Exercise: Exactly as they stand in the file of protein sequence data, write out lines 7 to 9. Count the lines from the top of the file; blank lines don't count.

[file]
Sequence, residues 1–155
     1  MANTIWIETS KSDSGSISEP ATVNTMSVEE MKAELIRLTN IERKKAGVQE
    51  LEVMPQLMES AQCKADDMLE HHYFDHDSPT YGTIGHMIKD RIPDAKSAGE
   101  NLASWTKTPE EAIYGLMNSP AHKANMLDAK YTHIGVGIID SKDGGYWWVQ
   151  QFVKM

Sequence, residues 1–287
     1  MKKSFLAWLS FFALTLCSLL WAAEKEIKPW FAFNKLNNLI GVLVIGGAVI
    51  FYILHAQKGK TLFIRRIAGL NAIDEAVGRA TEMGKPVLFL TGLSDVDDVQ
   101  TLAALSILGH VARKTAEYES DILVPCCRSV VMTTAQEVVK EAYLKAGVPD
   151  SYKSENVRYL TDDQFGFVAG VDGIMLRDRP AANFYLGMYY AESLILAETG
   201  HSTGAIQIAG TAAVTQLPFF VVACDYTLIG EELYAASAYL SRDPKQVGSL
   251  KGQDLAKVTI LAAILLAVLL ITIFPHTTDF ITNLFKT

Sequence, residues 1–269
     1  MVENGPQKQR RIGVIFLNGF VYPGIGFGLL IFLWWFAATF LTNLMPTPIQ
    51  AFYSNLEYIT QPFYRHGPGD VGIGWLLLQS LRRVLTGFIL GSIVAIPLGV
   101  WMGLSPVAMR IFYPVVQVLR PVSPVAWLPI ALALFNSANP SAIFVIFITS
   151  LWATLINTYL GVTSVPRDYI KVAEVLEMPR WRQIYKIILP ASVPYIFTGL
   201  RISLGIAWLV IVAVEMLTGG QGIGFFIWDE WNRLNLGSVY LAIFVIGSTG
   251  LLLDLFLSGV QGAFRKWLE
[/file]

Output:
     1  MKKSFLAWLS FFALTLCSLL WAAEKEIKPW FAFNKLNNLI GVLVIGGAVI
    51  FYILHAQKGK TLFIRRIAGL NAIDEAVGRA TEMGKPVLFL TGLSDVDDVQ
   101  TLAALSILGH VARKTAEYES DILVPCCRSV VMTTAQEVVK EAYLKAGVPD